ALERT: Sarah Palin Issues Urgent “Nazi Germany” Warning

Among the most despicable thing Nazi Germany did was kill off people who were thought of as undesirable–including the disabled.

Sarah Palin has warned that Iceland is trying to eliminate one kind of disabled person from their country: those with Down Syndrome. “To try to snuff out a life, in the name of building a perfect race… hearkens back to Nazi Germany,” Palin said, according to Fox News.

The former Alaskan governor has a son with Down Syndrome, now an eight-year-old, named Trig. She argues that while her son may look and speak differently, that’s what makes him special, and he makes the world a more diverse place.

The CBS report Palin responded to revealed that nearly 100 percent of pregnant women choose to terminate their pregnancy after receiving positive tests for Down Syndrome. Some women in Iceland do give birth to children with Down Syndrome, often after receiving a negative abnormality test.

The test involves an analysis of a pregnant woman’s blood, age, and an ultrasound of the baby. It can produce false positives as well as false negatives, meaning children may be aborted who did not have Down Syndrome at all.

With a population of roughly 300,000, Iceland has one to two babies born with Down Syndrome per year. Though the US population is much larger, Americans have roughly 5.6 children with Down Syndrome every year, per 300,000 people. In total, 6,000 Americans with Down Syndrome are born each year.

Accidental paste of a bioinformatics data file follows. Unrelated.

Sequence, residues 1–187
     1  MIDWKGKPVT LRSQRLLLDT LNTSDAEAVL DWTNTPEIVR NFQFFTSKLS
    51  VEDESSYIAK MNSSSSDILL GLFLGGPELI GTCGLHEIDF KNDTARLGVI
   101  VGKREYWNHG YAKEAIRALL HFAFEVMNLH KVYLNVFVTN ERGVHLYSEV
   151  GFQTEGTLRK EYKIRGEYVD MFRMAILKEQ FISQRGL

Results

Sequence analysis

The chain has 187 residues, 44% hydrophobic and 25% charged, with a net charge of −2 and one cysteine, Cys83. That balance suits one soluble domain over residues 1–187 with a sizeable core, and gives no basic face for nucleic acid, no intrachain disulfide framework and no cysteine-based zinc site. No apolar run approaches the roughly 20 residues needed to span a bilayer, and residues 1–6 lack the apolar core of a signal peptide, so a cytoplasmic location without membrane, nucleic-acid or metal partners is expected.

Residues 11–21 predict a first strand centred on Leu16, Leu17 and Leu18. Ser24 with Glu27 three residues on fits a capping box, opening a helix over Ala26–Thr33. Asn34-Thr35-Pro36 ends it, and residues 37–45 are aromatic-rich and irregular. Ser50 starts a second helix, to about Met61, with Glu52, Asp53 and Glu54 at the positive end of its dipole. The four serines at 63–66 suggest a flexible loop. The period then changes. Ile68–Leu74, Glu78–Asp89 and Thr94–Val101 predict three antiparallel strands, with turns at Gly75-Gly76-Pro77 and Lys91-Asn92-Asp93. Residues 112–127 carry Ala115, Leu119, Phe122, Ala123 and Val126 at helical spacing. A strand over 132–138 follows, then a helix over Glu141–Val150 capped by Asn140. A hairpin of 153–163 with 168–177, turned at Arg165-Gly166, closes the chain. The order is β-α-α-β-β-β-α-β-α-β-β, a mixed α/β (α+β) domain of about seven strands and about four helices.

Down Syndrome is a spectrum disorder, where a child can be born with little disability, or extreme disability, according to the National Down Syndrome Society. The disability’s many facets are manageable, and most people with Down Syndrome live long and happy lives.

No child is born to this world who will not face challenges. Just because the challenges Trig faced in life were high doesn’t mean he lacks a purpose. God put him on this earth for a reason. Parents who learn their child will face these challenges need to be supported, and to trust in God.

The staff at the Iceland’s Landspitali University Hospital say they try to offer neutral counseling. One mother who was told her child very likely had Down Syndrome explained the counseling did help her decide to abort her child. She explained, “It was not pressure, but they told me that most women did [get an abortion]… It did affect me maybe a little bit.”

These expecting Icelandic parents may not understand how manageable Down Syndrome has become. Thanks to recent medical advances, the average life expectancy for people with Down Syndrome is 60 years old. In 1983, it was only 25 years. Some people born with Down Syndrome become capable adults who work, make their own decisions, and vote. All enrich the lives of their parents and all those around them.

Sarah Palin suggests something about Icelandic culture is deeply uncompassionate. She said, “Life matters and love matters and who are we without love and acceptance?”

Instead of murdering an innocent life, parents should be given the knowledge to move past their fears about their child. Parents should be encouraged to overcome expectations for the child they thought they’d have, and then prepare for the child who will arrive, so they can unite as a happy and loving family.